Excerpt from Sanctuary: The Story of Naturalist Mary Majka by Deborah Carr
The tide is on its ebb flow.
At water’s edge, a woman lies on her back, arms outstretched, palms skyward, feet pointed to the sea. Mud pillows her head and shoulders as the water swirls around her, lifting strands of her hair, tickling the shadowed crannies of her ears. Sunlight warms her tanned and lined face, gravity smoothing its creases. Her body wavers with the rhythm of the tide, arms and legs briefly buoyant. Suspended between the elements, she is a creature of both, carrying the solidity of land and the fluidity of sea.
She is in and of the world, in communion with the bay, imagining cones of light penetrating her skin, reflecting as rays filter through water. She feels the familiar cadence of the tide as if it had been there all along, rocking in her soul. From birth, she’d always found comfort in water.
She has been shaped by many places, but she belongs here at Mary’s Point. There are those who assume the point was named after her, and this pleases her, but the scythe-shaped hook of land jutting into the Bay of Fundy was named for a different Mary: an Acadian Mi’kmaq outcast who bridged cultures and danced to her own music. A woman who, long ago, found sanctuary at Mary’s Point and then death on the Fundy tides.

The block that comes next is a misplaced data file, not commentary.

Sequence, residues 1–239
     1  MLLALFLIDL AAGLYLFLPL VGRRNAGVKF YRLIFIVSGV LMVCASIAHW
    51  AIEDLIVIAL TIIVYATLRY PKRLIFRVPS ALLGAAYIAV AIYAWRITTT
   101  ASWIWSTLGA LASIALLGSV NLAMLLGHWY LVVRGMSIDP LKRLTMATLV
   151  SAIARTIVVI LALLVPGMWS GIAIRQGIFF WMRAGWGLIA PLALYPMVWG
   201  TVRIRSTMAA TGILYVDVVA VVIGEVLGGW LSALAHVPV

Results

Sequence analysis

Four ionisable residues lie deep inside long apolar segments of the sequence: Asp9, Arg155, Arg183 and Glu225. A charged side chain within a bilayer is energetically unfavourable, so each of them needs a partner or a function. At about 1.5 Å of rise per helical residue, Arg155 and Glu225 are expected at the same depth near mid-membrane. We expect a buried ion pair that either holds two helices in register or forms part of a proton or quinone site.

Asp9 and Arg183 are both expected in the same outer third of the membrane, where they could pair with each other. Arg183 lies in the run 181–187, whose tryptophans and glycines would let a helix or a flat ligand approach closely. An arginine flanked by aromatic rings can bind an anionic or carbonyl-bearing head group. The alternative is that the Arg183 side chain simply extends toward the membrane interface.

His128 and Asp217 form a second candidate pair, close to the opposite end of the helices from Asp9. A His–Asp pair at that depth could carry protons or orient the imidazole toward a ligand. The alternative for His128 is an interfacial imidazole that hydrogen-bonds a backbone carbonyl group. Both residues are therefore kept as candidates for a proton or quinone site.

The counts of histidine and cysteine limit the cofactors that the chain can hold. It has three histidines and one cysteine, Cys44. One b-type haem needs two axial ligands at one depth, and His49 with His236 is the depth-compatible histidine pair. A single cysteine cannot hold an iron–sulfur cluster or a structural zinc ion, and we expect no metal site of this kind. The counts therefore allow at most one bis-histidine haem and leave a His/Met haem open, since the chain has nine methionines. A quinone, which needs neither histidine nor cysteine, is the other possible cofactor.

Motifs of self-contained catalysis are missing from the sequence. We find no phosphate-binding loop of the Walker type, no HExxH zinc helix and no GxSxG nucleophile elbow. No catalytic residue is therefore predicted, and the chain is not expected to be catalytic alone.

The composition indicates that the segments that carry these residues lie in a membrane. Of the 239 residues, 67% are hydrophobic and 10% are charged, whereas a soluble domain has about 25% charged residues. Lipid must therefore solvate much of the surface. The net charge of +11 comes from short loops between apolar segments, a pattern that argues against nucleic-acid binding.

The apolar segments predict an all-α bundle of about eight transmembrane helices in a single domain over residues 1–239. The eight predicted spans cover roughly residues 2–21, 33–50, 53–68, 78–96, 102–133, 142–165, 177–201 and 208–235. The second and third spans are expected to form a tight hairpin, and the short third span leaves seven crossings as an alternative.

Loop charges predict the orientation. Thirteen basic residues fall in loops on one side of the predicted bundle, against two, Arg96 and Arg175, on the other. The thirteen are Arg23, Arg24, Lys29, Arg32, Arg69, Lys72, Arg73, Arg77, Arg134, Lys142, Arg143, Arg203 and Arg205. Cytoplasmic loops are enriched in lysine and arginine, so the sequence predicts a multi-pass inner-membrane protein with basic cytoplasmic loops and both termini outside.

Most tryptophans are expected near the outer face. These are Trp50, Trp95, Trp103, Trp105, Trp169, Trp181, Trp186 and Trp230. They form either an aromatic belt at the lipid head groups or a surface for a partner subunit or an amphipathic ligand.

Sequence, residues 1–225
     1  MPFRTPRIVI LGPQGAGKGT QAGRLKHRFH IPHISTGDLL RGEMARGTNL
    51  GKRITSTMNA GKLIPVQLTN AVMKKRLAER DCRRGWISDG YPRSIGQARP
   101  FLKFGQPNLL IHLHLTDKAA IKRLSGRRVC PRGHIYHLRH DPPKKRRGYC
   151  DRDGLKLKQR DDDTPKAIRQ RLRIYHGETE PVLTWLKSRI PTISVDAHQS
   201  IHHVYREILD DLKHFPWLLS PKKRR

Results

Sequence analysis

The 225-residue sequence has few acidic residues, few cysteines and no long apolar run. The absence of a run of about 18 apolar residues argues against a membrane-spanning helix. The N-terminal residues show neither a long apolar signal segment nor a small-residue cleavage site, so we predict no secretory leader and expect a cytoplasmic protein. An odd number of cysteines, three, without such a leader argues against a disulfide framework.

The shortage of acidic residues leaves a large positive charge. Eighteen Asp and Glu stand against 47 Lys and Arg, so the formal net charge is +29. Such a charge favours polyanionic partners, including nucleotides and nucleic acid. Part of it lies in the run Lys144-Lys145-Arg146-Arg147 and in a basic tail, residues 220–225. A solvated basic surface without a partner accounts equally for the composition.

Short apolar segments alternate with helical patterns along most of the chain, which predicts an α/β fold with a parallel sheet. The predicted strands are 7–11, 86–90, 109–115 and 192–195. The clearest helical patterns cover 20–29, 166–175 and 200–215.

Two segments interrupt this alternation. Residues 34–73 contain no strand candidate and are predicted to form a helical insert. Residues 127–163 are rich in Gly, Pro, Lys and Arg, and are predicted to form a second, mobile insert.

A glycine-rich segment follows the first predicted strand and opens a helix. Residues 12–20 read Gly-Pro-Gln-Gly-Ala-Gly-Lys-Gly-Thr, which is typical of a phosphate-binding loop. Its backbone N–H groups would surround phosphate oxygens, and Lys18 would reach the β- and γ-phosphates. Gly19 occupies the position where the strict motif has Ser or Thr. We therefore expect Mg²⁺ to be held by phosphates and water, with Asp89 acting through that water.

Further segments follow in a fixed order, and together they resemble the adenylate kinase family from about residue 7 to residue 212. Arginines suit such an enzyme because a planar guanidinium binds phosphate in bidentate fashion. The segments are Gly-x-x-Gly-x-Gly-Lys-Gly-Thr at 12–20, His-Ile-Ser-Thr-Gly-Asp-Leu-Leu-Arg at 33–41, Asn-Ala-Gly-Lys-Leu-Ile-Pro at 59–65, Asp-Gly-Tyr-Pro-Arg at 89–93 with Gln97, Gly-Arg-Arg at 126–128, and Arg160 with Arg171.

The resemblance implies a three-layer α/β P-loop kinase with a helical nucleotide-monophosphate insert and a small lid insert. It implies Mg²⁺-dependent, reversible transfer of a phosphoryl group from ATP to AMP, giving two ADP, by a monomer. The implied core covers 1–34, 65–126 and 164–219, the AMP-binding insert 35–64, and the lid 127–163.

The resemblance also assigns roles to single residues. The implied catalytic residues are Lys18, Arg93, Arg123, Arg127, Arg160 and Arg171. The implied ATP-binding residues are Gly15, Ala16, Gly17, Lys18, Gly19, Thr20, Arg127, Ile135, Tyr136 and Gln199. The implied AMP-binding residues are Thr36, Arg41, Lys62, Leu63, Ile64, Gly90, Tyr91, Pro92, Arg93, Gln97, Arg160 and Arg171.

As the tide pulls back from the shore, the woman is left behind, like a piece of driftwood. The breeze cools her skin, drying the warm, briny water to a fine residue. She lies motionless, eyes closed, giving herself to sensation and sound.
Presently, her hearing sharpens, perceiving murmurs of life. Exposed mud crackles as millions of minute mud shrimp the size of a fingernail clipping emerge from flooded burrows to feed on algae left behind by the retreating tide. She feels the subtle movement of their activity beneath her resting fingertips.
She lies quiet . . . waiting, anticipating. Within moments, sound rolls over her like a wave and she is surrounded.
Tens of thousands of migratory sandpipers and plovers flood the glistening flats, long beaks bobbing up and down, collecting the tiny shrimp. The large flocks had been resting on the sand and pebbled beach throughout high tide, waiting. Their gentle peeps and the patter of so many tri-pronged feet slapping the silt swells to a crescendo. She slowly turns her face sideways, opening her eyes to watch.
Everything in the world suddenly funnels down into the perfection and intensity of this moment. There is only the woman, the mud, the tide; the tiny shrimp beneath her fingertips, the sandpipers close enough to touch. Tears form at the outer corners of her eyes and overflow, rolling past her ears, down the curve of her neck, to drop onto the mud, mingling with the salty puddles left behind by the tide.
© copyright 2010 Deborah Carr (excerpt from Sanctuary: The Story of Naturalist Mary Majka)
It’s the shorebird migration on the Bay of Fundy.